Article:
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- Source: Bryant, Cedric X. 101 Frequently Asked Questions about “Health & Fitness” and “Nutrition & Weight Control“. Sagamore Publishing, 1999. ↩
- Scott, Christopher. “Misconceptions about Aerobic and Anaerobic Energy Expenditure.“Journal of the International Society of Sports Nutrition 2.2 (2005): 32. BioMed Central. Web. ↩
- 3. Available at: https://www.builtlean.com/afterburn-effect-of-exercise-qa-with-dr-christopher-scott-phd/. Accessed March 14, 2013. ↩
How/where exactly does low intensity exercises fit an exercise routine? I loathe cardio so I do it all as HIIT & I rest as little as possible when strength training. Maybe yoga? But even in that I do quick flow Vinyasa which can be intense
great article! I always see people walking on the treadmill at some steep inclines…somebody should tell them, its all about the HIIT!
Suffice to say, I am a firm believer in incline training for several reasons:
1. It’s much easier on the joints and targets the hamstrings and glutes
2. Increasing the strength of the hamstrings and glutes helps to strengthen, support, and stabilize the knee.
3. And by the same token, a 15% incline at a speed of 3-4 is no joke either (especially when you perform it hands-free) and is relative to a speed of 6 or 7 on a flat, or stair machine at level 5
In conjunction with various HIIT/circuit burst movements for 1-2 hours, this style of training presents an adequate workout for me.
True…but you can do low intensity for hours and burn a lot of calories if you’ve got the time.
You can also do it every day without concern, if I walked an hour every morning before breakfast that would burn a lot of calories over a month.
Yes, sure John, if I’m watching the latest episode of Castle like last night, I’m sitting anyway…might as well pedal. So sure, burning calories low intensity is OK, but in addition to…not in lieu of the real workouts.
HIIT is promoted as being one of the most effective cardio-based workouts for fat loss. At the end of an HIIT session, I see that I burn about 25-30% more calories than a normal cardio workout but I feel more than 2X tired. Is this the way fat loss is supposed to work?
@Sree – Fat loss works by eating less calories than you burn. HIIT can assist with this by helping you burn more calories in a shorter period of time and helping increase your metabolism post workout. The fact you feel 2x more tired is because the workout is more intense.
Did he say in the article that you burn more fat when your do lower intensity training? Because I don’t understand
Hi Saurav – that’s correct. Your body burns more fat during lower intensity exercises, and more glucose during higher intensity exercise. While that makes it sound like low-intensity, long-duration is the way to go for fat loss, that’s not quite the case. Doing HIIT induces the afterburn effect, which means that you’re burning more calories for hours after you’re done exercising. It also encourages your body to maintain lean muscle, so that you mostly lose fat while following a reduced calorie diet. By doing HIIT and strength circuits, you can achieve that lean & muscular build.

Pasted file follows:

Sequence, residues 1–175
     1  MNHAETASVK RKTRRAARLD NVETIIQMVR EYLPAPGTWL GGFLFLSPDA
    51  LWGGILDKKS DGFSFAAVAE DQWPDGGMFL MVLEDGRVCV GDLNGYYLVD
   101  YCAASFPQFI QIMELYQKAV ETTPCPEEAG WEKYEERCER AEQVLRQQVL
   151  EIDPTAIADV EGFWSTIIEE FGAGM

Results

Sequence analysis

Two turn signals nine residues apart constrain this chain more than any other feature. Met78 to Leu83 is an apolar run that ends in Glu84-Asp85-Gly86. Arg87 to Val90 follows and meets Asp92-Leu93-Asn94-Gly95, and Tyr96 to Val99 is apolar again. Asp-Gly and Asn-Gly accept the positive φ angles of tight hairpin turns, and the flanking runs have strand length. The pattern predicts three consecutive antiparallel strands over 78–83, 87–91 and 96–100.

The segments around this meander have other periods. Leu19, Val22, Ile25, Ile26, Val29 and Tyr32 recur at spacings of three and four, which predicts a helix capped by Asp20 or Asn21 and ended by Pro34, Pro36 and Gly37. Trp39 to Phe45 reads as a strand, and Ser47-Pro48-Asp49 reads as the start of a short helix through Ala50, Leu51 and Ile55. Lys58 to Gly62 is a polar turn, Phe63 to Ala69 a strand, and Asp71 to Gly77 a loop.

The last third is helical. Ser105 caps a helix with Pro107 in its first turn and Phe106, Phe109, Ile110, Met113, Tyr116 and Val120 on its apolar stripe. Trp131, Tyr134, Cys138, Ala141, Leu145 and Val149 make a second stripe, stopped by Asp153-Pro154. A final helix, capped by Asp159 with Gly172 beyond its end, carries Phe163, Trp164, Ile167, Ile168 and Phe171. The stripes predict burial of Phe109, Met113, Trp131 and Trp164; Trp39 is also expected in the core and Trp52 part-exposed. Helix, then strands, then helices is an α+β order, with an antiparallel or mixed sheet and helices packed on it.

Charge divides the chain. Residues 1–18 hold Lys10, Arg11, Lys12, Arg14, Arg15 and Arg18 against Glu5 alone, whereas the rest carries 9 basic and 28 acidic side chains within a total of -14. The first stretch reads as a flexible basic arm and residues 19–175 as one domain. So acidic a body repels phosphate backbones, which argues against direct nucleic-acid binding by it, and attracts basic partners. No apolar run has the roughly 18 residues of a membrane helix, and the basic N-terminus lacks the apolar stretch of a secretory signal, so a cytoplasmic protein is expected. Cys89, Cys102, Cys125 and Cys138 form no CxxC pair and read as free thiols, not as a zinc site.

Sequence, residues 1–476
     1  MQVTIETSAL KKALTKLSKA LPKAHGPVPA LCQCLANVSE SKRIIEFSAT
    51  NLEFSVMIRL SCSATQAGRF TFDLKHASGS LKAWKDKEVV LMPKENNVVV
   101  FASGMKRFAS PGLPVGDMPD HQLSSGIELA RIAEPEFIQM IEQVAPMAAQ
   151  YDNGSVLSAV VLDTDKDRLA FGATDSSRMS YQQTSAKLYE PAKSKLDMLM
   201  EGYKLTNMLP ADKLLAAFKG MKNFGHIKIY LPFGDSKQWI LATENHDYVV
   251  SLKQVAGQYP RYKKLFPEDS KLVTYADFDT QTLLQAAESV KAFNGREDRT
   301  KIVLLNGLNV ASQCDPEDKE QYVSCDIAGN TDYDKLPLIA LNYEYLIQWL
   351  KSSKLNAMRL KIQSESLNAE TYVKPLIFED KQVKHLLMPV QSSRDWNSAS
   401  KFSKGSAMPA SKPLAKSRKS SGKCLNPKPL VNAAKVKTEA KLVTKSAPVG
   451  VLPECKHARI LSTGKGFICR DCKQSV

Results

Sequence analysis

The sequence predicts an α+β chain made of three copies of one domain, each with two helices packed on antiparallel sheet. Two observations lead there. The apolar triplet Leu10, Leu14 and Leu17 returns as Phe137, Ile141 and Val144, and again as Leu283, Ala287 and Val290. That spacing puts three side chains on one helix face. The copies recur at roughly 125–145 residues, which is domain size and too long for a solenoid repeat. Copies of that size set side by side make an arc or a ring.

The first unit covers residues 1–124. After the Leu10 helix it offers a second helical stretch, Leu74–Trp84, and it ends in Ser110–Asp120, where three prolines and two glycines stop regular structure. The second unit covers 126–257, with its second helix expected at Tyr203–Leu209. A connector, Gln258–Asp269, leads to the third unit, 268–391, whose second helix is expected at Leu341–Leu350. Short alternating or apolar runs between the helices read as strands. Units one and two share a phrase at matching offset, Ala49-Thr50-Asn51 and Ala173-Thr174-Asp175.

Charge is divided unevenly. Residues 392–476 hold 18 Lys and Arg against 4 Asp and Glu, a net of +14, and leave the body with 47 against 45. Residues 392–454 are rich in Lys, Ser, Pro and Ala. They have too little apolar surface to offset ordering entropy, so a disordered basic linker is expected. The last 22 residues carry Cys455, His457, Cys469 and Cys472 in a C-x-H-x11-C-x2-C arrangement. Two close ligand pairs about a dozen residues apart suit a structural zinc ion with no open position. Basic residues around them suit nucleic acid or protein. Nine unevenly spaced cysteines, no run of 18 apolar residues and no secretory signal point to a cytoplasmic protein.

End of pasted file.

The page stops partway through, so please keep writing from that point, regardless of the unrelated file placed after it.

Personally, I think that doing 1-2 days of HIIT and 1 lower-intensity cardio day is ideal (in combination with strength training 2-3x per week). This combination helps you build a solid cardiovascular base of fitness while also challenging your speed and power.
At the end of the day, nutrition plays the biggest role in fat loss. You have to eat fewer calories than you burn if you want to lose fat and weight. With the right combination of exercise and nutrition, you can absolutely get lean and strong. Hope that helps! If you have more questions, feel free to ask.
-Kristin, BuiltLean Coach & Managing Editor
I was quite lean one year from doing a lot of walking and having less than enough sleep. Except for the walking to and from work, I hardly did any exercises. So it is possible (for me) to do low intensity exercises and lose weight. Now, I do at least 2 interval style of at least 15-minute workouts a day, seven days a week, and I still don’t look as lean as when I was then. On the positive side, the 14 mini-workouts per week lowers my stress level.
@Ken_K – Absolutely you can do low intensity exercise and lose body fat. The point of this article was to dispel the myth that low intensity cardio is optimal for fat loss, which I don’t agree with. At the end of the day, any exercise is going to help you burn incrementally more calories than if you weren’t exercising, which will certainly help. I also wrote an article about 30+ reasons to exercise in addition to body fat loss => 31 Reasons To Get In Shape & Exercise. Good luck!
When I am in a calorie deficit, I deplete my glycogen stores…so if I am in that state won’t HIIT burn my muscles instead? I would think if the goal is fat loss, on top of the calorie deficit, the best exercise beyond weight training would be hours and hours of slow walking. To minimize the muscle loss. Am I missing something. I think HIIT would be better to increase your fitness level when you are not in calorie restriction.
Ha! Ha! I used to worry about getting huffy and puffy and tired…..until I realized that was the point!!!
A lot of of people take up exercise not necessarily to get lean. One of the benefits of regular moderate intensity cardio ( 20-30 minutes of high heart rate exercise at least 3 times per day) is supposed to be a reduction in the risk of coronary artery heart disease and also prevent hypertension, metabolic syndrome etc. I think this effect is independent of the effect of cardio on fat loss .